Any product or business has goals for its users. These goals may be to sign up for an account, make a purchase, or realize the value that the product provides. Further, each feature of a product will have its own usage goals that a customer can achieve. When a customer completes a desired goal, they are said to have converted. Through understanding and improving the conversion rate for your key workflows, the business can be successful.
It is helpful to recognize that conversions are a process. To reach a goal, a user must go through a series of steps. Making a purchase involves searching for a product, visiting one or more product pages, adding the item to the shopping cart, and then filling out the forms required for checkout. Each of these actions represents a step forward in that conversion process and an opportunity to lose customers. If you were to chart the percentage of users who perform each step in the process, you would typically see that the rate shrinks from stage to stage. A chart of these rate changes resembles an inverted pyramid or funnel, the top representing your overall population and those who complete the conversion goal at the bottom. By improving the rate at which users move through an earlier step in the funnel, you can influence the final conversion rate. Identifying bottlenecks in the process helps you see where you can make the most significant improvements in your core conversion goal.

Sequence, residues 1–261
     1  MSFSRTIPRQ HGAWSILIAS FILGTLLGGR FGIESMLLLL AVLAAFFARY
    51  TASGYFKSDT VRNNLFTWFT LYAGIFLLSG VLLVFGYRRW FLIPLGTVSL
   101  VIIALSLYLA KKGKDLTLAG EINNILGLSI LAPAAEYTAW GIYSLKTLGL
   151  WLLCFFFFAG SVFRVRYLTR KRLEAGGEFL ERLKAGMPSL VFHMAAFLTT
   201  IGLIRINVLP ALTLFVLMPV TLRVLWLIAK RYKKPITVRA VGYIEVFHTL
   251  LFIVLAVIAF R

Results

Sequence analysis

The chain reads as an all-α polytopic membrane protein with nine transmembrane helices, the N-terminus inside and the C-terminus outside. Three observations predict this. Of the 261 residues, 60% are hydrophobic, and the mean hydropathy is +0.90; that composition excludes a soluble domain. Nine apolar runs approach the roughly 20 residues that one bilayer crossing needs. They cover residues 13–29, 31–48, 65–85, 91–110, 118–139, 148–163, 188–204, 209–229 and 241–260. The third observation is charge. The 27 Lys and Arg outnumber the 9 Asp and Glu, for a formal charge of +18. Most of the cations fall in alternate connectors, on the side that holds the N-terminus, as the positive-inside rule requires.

Any customer action could represent a step in a conversion funnel. Customer actions may be general, such as clicks or form submissions, or specific to a flow or product like purchases are for an online store. These application-specific events can track dedicated properties and originate from multiple sources, despite still being driven by general user interactions in the product. Use more passive user actions for earlier steps in the funnel; purchasing an item requires lots of user action, but simply viewing it on a product page represents progress towards that conversion goal.
While each conversion flow is closely related to the product and users that perform it, the metrics to measure conversion are standardized. Conversion rate is often the first metric that a customer tracks, determining what percentage of our customers ever achieve this goal. As a conversion process’s steps are defined, we can measure the total conversion rate after that stage alongside the conversion funnel progress between stages. In some cases, the act of conversion isn’t enough; we need to measure how often that conversion occurs. Usually, the frequency of a particular stage in the funnel will be a factor in the conversion rate. Measuring the ratio of one step against another provides insight into the efficiency of that process.